By Steve Waters
Despite a risk of being shunned by some elements of our property investor community, I’m about to state a controversial position that will shake many to their core.
Are you ready?
I believe a ‘too-high’ valuation is more dangerous than a ‘too-low’ valuation.
I’m not referring to a result which truly reflects market value but surprised an owner who had preconceived low expectations.
I mean instances where an error in the process meant the valuer’s assessed figure was well and truly above the definition of market value and would allow the financier to loan a sum beyond the borrower’s wildest dreams.
I realise I’m being counter-intuitive. It sounds like a ridiculous ‘problem’ to anyone struggling for finance – but bear with me. I believe there are extraordinary dangers that can lead to an unravelling of a lot of good work when you get a result that exceeds your expectations.
How does it happen?
The first thing to understand is there are different types of valuation reports commissioned by financiers.
These include automatic valuation models (AVM), desktops, drive-bys and full inspections.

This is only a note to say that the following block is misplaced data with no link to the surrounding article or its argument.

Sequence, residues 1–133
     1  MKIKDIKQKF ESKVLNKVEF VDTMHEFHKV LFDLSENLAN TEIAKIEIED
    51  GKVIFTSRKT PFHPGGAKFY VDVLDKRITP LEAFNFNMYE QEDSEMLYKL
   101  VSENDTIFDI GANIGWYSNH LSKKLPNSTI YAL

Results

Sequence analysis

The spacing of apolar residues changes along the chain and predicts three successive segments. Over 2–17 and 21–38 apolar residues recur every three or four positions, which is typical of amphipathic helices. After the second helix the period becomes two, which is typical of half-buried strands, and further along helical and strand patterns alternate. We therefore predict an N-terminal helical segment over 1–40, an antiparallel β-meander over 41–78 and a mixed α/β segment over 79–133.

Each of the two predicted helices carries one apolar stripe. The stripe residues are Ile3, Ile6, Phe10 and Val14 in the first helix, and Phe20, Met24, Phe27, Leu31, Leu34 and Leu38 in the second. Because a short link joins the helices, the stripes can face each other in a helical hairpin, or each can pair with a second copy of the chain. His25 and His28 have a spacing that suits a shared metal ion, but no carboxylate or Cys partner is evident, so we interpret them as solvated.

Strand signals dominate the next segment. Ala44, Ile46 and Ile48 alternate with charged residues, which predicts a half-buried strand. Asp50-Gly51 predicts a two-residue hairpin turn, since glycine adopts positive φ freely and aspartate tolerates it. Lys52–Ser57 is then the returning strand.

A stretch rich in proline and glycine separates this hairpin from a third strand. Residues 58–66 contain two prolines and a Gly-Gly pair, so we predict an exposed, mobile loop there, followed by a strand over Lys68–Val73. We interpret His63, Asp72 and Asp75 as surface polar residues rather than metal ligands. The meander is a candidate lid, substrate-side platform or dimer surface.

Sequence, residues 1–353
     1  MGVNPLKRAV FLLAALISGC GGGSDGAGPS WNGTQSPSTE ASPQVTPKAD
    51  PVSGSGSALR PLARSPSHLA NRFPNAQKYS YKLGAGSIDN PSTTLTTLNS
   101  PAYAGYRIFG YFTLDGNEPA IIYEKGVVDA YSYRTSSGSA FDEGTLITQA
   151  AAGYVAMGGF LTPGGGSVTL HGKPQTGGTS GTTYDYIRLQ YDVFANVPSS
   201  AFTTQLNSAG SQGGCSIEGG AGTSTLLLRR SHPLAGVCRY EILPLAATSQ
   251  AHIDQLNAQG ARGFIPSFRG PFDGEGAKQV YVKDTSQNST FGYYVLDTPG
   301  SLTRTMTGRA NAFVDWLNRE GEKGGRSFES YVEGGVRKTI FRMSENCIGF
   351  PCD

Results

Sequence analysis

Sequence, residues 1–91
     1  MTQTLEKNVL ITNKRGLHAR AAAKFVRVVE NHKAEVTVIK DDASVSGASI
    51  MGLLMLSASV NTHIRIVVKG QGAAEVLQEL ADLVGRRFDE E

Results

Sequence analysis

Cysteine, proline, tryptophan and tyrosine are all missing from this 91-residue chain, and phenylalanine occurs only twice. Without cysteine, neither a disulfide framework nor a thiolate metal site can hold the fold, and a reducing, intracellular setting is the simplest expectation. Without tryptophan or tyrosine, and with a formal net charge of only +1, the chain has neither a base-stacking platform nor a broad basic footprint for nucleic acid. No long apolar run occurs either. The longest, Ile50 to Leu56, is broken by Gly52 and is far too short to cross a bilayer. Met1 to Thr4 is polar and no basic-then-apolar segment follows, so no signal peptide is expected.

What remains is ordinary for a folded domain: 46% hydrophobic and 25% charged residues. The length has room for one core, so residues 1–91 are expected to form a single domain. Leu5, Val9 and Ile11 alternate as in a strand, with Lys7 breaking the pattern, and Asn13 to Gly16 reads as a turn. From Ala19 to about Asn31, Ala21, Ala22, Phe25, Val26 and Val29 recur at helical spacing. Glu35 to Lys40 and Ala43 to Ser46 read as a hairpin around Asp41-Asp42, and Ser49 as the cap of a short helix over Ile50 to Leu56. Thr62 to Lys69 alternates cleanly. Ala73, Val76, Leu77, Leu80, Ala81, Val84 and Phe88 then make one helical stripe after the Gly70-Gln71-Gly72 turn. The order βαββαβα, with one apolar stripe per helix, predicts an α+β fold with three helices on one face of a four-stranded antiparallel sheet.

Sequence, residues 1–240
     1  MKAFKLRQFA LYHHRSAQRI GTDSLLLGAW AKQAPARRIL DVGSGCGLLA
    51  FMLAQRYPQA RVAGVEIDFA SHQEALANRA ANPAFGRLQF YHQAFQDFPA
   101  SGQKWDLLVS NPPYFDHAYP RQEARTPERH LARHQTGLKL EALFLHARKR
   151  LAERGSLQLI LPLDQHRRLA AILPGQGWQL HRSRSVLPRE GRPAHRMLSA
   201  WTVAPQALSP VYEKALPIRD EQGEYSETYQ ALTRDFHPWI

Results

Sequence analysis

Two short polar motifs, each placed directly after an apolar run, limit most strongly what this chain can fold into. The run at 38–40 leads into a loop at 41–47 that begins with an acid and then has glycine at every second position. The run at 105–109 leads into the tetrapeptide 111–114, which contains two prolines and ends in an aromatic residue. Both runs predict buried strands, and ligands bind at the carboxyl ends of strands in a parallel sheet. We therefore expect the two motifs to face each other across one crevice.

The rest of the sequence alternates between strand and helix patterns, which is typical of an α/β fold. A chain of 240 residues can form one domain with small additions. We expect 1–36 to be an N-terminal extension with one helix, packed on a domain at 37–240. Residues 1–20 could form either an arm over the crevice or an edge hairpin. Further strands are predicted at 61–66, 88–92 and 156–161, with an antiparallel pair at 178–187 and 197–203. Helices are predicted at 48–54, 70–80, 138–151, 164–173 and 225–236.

You’ll rarely get an overvaluation from a full inspection. If a qualified property valuer has full access to your property and a strong knowledge of local comparable sales, your result will probably fall within the bounds of market value.
You are most likely to get an over-valuation from a drive-by, desktop or AVM.
Drive-bys come in high because the valuer won’t be aware of a property’s features that can’t be seen from the road front. An assumption that a home is of ‘average fitout and finish’ could be completely false.
The outcome can be even more extreme when talking about a desktop assessment. In these instances, the valuer doesn’t leave their office. They must derive a figure based on information about the property provided by the financier (supplied by the client), and any additional they unearth themselves.
You can image how this can skew an outcome. The results can be compounded further when overworked valuers are asked to assess property that’s out of their locations of expertise.
However, all these pale in comparison to the overvaluation errors generated by AVMs.
AVMs use algorithms that rely on ‘averages’ for each suburb. These figures can be easily skewed by statistical anomalies – such as a new housing estate with high priced homes, or a few top-end sales within a short time frame. AVMs also don’t identify the individual characteristics of the property – both good and bad – because they’re computer generated.
Thus, their margin of error is fairly substantial.
Have you heard those stories of ordinary people who, due to an administrative error by a bank, ended up with hundreds-of-thousands of dollars in their account? Some of them head off on a Christmas-like shopping spree that drains the funds immediately. Unfortunately, when the bank comes knocking asking for their erroneous dollars back, the big spender is in a world trouble.
This is because the money wasn’t theirs – in a sense, it wasn’t ‘real’.